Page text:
Bioinformaticians need to make many types of software do a variety of different things, often all at once, in order to help them analyse huge amounts of biological data. They do this by writing code, which they use to organise different softwares into ‘pipelines’ or ‘workflows’. Instead of having to operate each software manually, these pipelines mean each software automatically feeds into the next. This saves time and effort, and means research can be more ambitious in scale.
However, problems can arise when you try to move a pipeline. For example, maybe you developed a pipeline in the cloud but now want to use it on your laptop. Or you would like to share your cleverly coded pipeline with a colleague who uses a different operating system. This can be a headache because different systems all talk in slightly different coding languages.
This is where Nextflow comes in. Nextflow is an example of what developers call a workflow framework or workflow manager. Essentially it allows you to be a bit more nimble with how and where you use pipelines.
Nextflow does several things bioinformaticians really like. It is portable, meaning it can be moved easily between different systems. It is agnostic in its language, speaking its own language which is compatible with many different systems. It is modular, which allows users to add and remove different softwares at any point in the pipeline without causing problems elsewhere. And it is scalable, which allows pipelines using Nextflow to take on lots of additional workload demands without having to be constantly modified.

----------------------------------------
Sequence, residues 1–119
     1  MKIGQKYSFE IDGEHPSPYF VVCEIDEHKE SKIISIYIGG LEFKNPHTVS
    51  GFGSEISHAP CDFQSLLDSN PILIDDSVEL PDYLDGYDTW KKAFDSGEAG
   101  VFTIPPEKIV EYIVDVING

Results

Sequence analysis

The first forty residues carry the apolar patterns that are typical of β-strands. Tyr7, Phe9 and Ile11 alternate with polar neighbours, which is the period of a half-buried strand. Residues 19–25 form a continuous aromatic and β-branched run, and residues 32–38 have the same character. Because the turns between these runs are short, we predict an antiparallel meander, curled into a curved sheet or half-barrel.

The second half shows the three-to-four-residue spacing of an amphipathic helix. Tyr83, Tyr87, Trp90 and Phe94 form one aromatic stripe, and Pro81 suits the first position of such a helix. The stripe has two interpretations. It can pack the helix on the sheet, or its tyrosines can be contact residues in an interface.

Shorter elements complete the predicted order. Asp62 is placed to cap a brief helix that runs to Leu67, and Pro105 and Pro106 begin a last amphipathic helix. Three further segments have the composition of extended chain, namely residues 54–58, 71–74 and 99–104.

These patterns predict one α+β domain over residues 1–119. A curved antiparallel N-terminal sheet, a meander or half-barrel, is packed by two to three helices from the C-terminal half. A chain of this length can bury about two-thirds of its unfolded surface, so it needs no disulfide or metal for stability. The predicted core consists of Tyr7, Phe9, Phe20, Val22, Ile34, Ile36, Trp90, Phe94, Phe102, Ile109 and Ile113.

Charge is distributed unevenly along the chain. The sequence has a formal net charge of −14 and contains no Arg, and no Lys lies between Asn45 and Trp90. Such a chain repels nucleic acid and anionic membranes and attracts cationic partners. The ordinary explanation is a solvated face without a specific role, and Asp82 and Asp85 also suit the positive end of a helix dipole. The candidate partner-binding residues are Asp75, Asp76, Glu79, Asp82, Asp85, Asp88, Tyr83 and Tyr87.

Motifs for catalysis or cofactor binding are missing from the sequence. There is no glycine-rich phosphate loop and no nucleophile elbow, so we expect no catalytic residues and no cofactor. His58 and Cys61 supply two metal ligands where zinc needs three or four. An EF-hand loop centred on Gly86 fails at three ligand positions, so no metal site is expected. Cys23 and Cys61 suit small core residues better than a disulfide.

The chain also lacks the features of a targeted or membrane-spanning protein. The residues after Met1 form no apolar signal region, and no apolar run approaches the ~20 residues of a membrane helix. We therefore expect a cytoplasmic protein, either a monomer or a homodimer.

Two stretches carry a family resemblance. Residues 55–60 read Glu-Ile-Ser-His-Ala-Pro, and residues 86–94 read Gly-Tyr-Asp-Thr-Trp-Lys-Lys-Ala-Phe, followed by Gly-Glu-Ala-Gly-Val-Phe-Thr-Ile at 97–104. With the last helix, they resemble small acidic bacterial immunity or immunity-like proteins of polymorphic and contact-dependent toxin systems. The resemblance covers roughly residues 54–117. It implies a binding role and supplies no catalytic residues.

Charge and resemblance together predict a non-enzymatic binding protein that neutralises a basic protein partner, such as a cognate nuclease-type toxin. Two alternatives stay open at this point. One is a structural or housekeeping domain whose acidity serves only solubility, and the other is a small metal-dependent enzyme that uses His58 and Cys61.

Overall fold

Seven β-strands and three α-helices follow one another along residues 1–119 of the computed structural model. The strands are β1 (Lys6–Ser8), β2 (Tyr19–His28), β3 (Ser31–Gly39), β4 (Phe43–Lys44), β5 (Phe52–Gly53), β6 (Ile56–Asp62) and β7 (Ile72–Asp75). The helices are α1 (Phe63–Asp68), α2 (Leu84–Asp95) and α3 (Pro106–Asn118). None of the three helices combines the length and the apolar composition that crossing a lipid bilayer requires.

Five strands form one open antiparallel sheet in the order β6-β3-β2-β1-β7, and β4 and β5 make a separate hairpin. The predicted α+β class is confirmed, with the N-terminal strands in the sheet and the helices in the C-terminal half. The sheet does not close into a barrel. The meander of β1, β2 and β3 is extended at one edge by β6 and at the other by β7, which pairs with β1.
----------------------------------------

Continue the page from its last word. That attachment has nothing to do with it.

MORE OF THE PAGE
An increasing workload is not unusual in genomics. The Darwin Tree of Life project, on which both Sanger and EMBL-EBI collaborate, is a great example. The research goal is to generate and annotate genomes for all eukaryotic organisms living in Britain and Ireland, perhaps 70,000 species. At the beginning of the project, workloads are expected to be light as scientists focus on experimenting with the techniques needed to sequence such a diverse range of lifeforms. As these skills are mastered, however, the expectation is that hundreds or even thousands of genomes will be assembled over relatively short periods of time. Bioinformaticians need to be able to scale up their efforts easily and repeatedly over the course of this decade-long project.